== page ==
Monday, August 12, 2013


Hi, friends! I hope your weekend was full of rest and play, and that you got to drink that icy glass of lemonade on the patio. Mine was full of biking. Yes, it's true: I conquered my bike rack's very sturdy, very hard to move metal pins.

First, though, some folks gave me some advice:

Advice #1: Why not use a ratchet or a makeshift twisted tourniquet to squeeze those two wires together until you can align them both and then gradually release the pressure allowing them to insert as you describe? Or go get a gorilla for a boyfriend and have him do it.

Advice #2: What you need, Sarah, is to gather all said parts and instructions, bundle it up, take it back to be your store, look helpless, find the best looking young man with lots of muscles and ask for help. They often are easily influenced by a beautiful smile, an asset in which you are highly qualified. Wish you were closer. Your uncle would be happy to help.

Advice #3:  I was looking at the picture of the rack, and maybe you could un-assemble it a little bit by unscrewing the the screws near the top so you can move the black part around better? And then screw those parts back in. Or maybe that is too much work or will make it worse... in that case, I would call for a muscle man.

Advice #4: Dirk

There are three comments I'd like to make about this advice.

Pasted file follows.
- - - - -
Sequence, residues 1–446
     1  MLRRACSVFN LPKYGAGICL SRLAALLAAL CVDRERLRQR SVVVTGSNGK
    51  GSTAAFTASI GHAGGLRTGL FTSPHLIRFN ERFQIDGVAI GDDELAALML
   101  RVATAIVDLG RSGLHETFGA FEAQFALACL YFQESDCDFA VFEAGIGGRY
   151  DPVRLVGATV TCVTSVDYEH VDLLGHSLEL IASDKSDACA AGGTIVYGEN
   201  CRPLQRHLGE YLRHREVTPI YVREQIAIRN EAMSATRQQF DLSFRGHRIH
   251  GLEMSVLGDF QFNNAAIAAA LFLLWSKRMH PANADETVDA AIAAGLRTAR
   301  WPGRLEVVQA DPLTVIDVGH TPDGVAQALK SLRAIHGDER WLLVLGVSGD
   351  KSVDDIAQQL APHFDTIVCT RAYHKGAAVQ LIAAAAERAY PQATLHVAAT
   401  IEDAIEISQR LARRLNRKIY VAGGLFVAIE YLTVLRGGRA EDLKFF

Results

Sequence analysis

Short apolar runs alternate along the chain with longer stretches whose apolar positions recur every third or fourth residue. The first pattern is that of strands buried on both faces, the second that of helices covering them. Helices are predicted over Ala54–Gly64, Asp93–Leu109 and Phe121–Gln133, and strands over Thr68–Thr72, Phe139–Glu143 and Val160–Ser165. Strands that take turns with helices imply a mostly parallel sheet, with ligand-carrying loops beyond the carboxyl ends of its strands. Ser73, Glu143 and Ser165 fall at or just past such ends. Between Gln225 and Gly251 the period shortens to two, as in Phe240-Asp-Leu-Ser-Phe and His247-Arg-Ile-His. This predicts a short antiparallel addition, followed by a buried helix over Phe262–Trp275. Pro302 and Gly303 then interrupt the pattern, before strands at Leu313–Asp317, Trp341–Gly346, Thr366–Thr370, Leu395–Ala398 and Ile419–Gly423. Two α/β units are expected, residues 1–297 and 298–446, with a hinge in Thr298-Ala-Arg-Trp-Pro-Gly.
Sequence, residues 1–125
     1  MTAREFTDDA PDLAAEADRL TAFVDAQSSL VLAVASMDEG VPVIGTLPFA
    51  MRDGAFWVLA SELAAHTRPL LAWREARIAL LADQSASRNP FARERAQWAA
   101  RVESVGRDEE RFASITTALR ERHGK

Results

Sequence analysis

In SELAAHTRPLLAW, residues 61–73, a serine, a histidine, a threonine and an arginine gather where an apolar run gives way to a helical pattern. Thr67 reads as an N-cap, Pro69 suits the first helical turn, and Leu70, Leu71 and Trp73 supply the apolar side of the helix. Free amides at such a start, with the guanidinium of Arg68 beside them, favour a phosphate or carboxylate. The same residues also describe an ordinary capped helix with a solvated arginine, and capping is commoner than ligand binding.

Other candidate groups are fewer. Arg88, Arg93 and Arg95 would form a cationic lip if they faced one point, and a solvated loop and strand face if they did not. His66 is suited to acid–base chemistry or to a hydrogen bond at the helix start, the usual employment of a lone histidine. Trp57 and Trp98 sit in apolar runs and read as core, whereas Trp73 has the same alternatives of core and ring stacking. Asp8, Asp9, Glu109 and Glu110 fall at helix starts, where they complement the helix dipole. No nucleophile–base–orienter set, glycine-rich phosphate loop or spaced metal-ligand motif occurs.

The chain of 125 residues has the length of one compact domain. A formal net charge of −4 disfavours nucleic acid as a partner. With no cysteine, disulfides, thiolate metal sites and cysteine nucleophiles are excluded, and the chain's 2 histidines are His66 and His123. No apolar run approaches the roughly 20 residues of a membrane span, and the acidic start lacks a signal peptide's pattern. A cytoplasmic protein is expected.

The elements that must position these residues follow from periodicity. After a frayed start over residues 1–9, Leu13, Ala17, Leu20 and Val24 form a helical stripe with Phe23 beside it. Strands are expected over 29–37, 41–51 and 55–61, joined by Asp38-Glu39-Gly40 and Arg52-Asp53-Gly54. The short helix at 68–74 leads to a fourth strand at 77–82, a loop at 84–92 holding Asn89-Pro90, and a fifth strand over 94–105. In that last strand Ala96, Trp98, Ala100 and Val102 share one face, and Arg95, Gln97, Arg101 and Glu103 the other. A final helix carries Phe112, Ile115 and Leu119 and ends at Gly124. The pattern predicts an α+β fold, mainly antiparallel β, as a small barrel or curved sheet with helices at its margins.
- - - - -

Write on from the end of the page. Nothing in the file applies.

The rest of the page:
First, Dirk is a childhood friend who can take a pile of miscellaneous, complicated mechanical parts and make them do cartwheels, the rhumba, and the moonwalk across the table. He just has a way of getting them to do what he wants. Naturally, his name is one of the first that comes to mind when I need something fixed or built. Apparently his name is also the first to come to mind when others are giving a mechanically challenged girl advice for her bike rack.

Second, the first three pieces of advice all have something in common: they all ultimately advise me to find a big, strong man to help me. I like this advice. I like it a lot. Keep it comin', folks. 

Third, although this advice is all quite helpful, I didn't end up needing it after all. Because it turns out I have the brute strength of an ox. That, combined with a handy pair of pliers, enabled me to muscle the pins into their respective holes. And voila! the bike rack was complete.

The next morning I had the bike rack and beach cruiser secured to my car, and I was off to Newport, where a girlfriend and I had a lovely day cruising around the back bay before heading to the beach for some glorious sun and sea.

And not a hiccup did I experience with that bike rack of mine. It's turned out to be a solid, secure and reliable little guy. No doubt thanks to those pins-that-won't-budge...

Happy Monday, y'all!

© by scj